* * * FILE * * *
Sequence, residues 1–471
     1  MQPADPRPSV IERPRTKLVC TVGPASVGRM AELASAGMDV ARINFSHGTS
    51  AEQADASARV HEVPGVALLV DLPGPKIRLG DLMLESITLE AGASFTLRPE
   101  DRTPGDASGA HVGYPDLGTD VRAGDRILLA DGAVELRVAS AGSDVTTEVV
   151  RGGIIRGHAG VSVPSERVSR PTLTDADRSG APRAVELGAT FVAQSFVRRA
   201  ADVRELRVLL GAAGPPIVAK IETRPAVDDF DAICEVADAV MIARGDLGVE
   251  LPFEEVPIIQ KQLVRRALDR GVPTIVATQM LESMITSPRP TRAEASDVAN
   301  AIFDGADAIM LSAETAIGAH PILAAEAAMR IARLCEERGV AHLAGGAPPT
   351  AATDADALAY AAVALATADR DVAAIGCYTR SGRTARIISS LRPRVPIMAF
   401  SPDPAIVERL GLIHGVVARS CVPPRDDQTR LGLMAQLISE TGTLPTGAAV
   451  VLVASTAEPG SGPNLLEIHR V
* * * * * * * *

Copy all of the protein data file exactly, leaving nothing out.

Sequence, residues 1–471
     1  MQPADPRPSV IERPRTKLVC TVGPASVGRM AELASAGMDV ARINFSHGTS
    51  AEQADASARV HEVPGVALLV DLPGPKIRLG DLMLESITLE AGASFTLRPE
   101  DRTPGDASGA HVGYPDLGTD VRAGDRILLA DGAVELRVAS AGSDVTTEVV
   151  RGGIIRGHAG VSVPSERVSR PTLTDADRSG APRAVELGAT FVAQSFVRRA
   201  ADVRELRVLL GAAGPPIVAK IETRPAVDDF DAICEVADAV MIARGDLGVE
   251  LPFEEVPIIQ KQLVRRALDR GVPTIVATQM LESMITSPRP TRAEASDVAN
   301  AIFDGADAIM LSAETAIGAH PILAAEAAMR IARLCEERGV AHLAGGAPPT
   351  AATDADALAY AAVALATADR DVAAIGCYTR SGRTARIISS LRPRVPIMAF
   401  SPDPAIVERL GLIHGVVARS CVPPRDDQTR LGLMAQLISE TGTLPTGAAV
   451  VLVASTAEPG SGPNLLEIHR V